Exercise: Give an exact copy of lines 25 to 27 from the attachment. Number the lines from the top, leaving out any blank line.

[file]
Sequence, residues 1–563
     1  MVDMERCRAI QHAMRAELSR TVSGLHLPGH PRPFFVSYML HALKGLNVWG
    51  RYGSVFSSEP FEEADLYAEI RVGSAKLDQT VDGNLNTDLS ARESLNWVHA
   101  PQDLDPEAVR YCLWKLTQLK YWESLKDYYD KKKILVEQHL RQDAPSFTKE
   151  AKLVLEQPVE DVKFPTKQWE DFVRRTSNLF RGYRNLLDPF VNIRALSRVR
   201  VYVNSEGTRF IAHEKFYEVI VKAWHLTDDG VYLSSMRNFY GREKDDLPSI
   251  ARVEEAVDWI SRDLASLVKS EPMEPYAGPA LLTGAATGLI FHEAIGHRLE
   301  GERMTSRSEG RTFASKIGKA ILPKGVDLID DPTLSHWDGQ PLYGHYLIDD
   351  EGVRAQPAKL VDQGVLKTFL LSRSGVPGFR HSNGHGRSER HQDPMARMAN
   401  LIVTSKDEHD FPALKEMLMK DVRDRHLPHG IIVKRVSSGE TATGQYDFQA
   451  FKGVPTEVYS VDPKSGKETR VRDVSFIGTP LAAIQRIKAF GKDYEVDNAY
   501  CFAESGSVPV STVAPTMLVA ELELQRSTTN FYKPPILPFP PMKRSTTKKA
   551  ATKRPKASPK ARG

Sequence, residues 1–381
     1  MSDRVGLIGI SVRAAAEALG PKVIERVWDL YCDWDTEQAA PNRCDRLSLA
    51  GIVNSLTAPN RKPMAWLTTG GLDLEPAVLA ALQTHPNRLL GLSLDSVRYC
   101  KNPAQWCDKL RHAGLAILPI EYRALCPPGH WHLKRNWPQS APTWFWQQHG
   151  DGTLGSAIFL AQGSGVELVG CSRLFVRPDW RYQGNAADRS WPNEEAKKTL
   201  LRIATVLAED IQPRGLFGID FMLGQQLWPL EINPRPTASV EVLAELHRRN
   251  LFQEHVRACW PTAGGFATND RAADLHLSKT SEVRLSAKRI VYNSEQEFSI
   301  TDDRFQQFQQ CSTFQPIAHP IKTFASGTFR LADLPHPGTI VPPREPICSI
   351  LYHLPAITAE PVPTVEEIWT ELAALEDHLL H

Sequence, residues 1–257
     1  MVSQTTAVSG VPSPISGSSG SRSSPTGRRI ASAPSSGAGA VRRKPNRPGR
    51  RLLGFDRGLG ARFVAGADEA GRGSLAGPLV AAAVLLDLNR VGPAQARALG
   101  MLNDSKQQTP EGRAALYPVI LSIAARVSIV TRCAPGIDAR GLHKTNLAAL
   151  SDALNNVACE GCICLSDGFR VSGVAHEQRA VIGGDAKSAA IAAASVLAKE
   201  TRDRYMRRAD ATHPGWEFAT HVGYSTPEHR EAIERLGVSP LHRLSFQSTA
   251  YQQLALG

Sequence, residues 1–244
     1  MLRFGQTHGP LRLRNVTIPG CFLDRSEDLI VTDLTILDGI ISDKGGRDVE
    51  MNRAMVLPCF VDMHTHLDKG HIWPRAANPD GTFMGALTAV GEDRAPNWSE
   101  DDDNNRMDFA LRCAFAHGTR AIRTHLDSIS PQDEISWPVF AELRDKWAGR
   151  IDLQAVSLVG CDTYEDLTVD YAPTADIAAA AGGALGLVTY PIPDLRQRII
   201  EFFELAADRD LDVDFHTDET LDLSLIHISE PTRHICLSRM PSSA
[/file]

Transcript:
    51  RLLGFDRGLG ARFVAGADEA GRGSLAGPLV AAAVLLDLNR VGPAQARALG
   101  MLNDSKQQTP EGRAALYPVI LSIAARVSIV TRCAPGIDAR GLHKTNLAAL
   151  SDALNNVACE GCICLSDGFR VSGVAHEQRA VIGGDAKSAA IAAASVLAKE